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Coat of arms

Coat of arms

  • Place of origin:

    Italy (north, made)

  • Date:

    1508-1509 (made)

  • Artist/Maker:

    Unknown

  • Materials and Techniques:

    Carved istrian stone

  • Museum number:

    7675-1861

  • Gallery location:

    Medieval & Renaissance, Room 50a, The Paul and Jill Ruddock Gallery, case WS

This is the coat of arms of the Alidosio family, a powerful and extensive family from North East Italy which can be traced back to the tenth century. The eagle on the shield faces left, a position known in heraldic terminology as contourné. These arms were acquired with four other pieces which all came from the Pallazo Alidosio in Cesena. The palace was built in 1508 by Obizzo Alidosio a favourite of Pope Julius II. Obizzo was used as an envoy by the Pope and was made Papal Governor of Cesena in 1508. Following his appointment he was granted permission to build a palace and began work immediately, he died a year later. The palace was at one time converted into a theatre, and stood until it was demolished sometime between 1838 and 1846.

Physical description

Coat of arms of the Alidosio of Imola. Istrian stone. The relief is carved with a shield charged with an eagle facing left (contourné). The shield is surmounted by a helm and a forward facing eagle, the wings of which form the sides of the work.

Place of Origin

Italy (north, made)

Date

1508-1509 (made)

Artist/maker

Unknown

Materials and Techniques

Carved istrian stone

Dimensions

Height: 63 cm, Width: 42 cm, Depth: 8 cm, Weight: 22.5 kg

Object history note

Acquired by the Museum in 1861 with two columns a pediment and another coat of arms (7367, 7368, 7673 and 7674-1861) all thought to have originated from the Palazzo Alidosio at Cesena.

Historical context note

The Alidosio is an ancient surname in Emilia, dating from the 10th century in the annals of Imola. They originated from the Onesti family and the Counts of Cunio and became a powerful family with extensive branches. Their genealogy begins properly in the 13th century, with two main branches of the family: those invested as the bishops of Imola between 1335 and 1424 and those who became the Lords of Castelo del Rio.

The family's first recorded connection with Cesena is the marriage of Riccarda Alidosio to Andrea Malatesta signore di Cesena e Fossombrone.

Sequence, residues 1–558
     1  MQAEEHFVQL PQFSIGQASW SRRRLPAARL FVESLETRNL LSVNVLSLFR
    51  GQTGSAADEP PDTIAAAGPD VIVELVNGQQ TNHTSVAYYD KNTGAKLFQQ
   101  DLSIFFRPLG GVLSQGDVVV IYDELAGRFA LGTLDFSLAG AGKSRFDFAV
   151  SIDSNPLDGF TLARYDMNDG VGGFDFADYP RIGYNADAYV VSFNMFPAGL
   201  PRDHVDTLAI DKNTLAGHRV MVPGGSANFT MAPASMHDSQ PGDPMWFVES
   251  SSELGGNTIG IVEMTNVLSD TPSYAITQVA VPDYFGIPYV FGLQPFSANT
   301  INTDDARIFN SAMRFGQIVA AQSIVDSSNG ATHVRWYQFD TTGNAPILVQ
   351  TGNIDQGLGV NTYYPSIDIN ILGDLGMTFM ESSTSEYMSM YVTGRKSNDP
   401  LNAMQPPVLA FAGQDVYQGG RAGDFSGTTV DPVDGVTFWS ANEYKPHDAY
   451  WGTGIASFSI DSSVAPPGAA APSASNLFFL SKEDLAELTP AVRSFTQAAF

Obizzo Alidosio (d.1509) was a Lord of Castelo del Rio. A doctor of law he became a favourite of Pope Julius II. He was sent as an envoy of peace to Forli in 1505 and on 9th of April 1508 he was made Papal Governor of Cesena by Julius. On 31st July 1508 Obizzo received a from the town of Cesena a grant of land on which to erect a palace. Bazzochi and Galbucci state that the architect of the palace was built by Sapiano Merlino. Obizzo Alidosio died in Cesena on 8th September, 1509 where upon the palazzo passed with the rest of his property to his son Cesare, who bequeathed it to a cousin Ciro. The palace was later converted into a theatre known as the Teatro Spada., and was demolished and replaced between 1838 and 1846. The family was extinct by 1645 according to Litta, who recorded the Alidosio in his Famiglie Celebri Italiane in 1852.

Descriptive line

Coat of arms of the Alidosio family of Imola, carved in relief from Istrian stone, Italy, first half of 16th century.

Bibliographic References (Citation, Note/Abstract, NAL no)

Pope-Hennessy, J. Italian Sculpture In The Victoria And Albert Museum (HMSO, 1964) Cat. 534 fig.528
Bazzochi and Galbucci Storia di Cesena (Bologna, 1915) p.145
J.A.G The Coat of Arms (London, Heraldry Society, 1960) vi pp.2-3
Memoire storiche dell anticha ed illustre famiglia Alidosio (Rome)
Inventory of Art Objects Acquired in the Year 1861 In: Inventory of the Objects in the Art Division of the Museum at South Kensington, Arranged According to the Dates of their Acquisition. Vol I. London: Printed by George E. Eyre and William Spottiswoode for H.M.S.O., 1868, p. 30
Pope-Hennessy, John. Catalogue of Italian Sculpture in the Victoria and Albert Museum. Volume II: Text. Sixteenth to Twentieth Century. London: Her Majesty's Stationery Office, 1964, p. 504

Materials

Istrian stone

Techniques

Carving

Subjects depicted

Eagles; Shield; Helmet

Categories

Sculpture; Architecture

Collection

Sculpture Collection

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